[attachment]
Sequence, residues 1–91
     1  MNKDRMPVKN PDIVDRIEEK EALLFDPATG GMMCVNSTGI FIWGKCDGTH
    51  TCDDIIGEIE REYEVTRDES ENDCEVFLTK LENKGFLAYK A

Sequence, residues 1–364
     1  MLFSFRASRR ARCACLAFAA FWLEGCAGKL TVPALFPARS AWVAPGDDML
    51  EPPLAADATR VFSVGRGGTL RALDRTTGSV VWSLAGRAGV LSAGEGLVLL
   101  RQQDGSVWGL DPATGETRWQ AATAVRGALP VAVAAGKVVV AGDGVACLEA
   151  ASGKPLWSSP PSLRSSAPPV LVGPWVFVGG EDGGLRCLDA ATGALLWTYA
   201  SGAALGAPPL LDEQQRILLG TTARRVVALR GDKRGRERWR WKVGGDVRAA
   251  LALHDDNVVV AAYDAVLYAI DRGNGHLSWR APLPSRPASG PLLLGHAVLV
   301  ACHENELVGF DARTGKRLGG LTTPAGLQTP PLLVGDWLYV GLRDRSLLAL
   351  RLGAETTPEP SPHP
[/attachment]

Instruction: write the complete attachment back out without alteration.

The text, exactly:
Sequence, residues 1–91
     1  MNKDRMPVKN PDIVDRIEEK EALLFDPATG GMMCVNSTGI FIWGKCDGTH
    51  TCDDIIGEIE REYEVTRDES ENDCEVFLTK LENKGFLAYK A

Sequence, residues 1–364
     1  MLFSFRASRR ARCACLAFAA FWLEGCAGKL TVPALFPARS AWVAPGDDML
    51  EPPLAADATR VFSVGRGGTL RALDRTTGSV VWSLAGRAGV LSAGEGLVLL
   101  RQQDGSVWGL DPATGETRWQ AATAVRGALP VAVAAGKVVV AGDGVACLEA
   151  ASGKPLWSSP PSLRSSAPPV LVGPWVFVGG EDGGLRCLDA ATGALLWTYA
   201  SGAALGAPPL LDEQQRILLG TTARRVVALR GDKRGRERWR WKVGGDVRAA
   251  LALHDDNVVV AAYDAVLYAI DRGNGHLSWR APLPSRPASG PLLLGHAVLV
   301  ACHENELVGF DARTGKRLGG LTTPAGLQTP PLLVGDWLYV GLRDRSLLAL
   351  RLGAETTPEP SPHP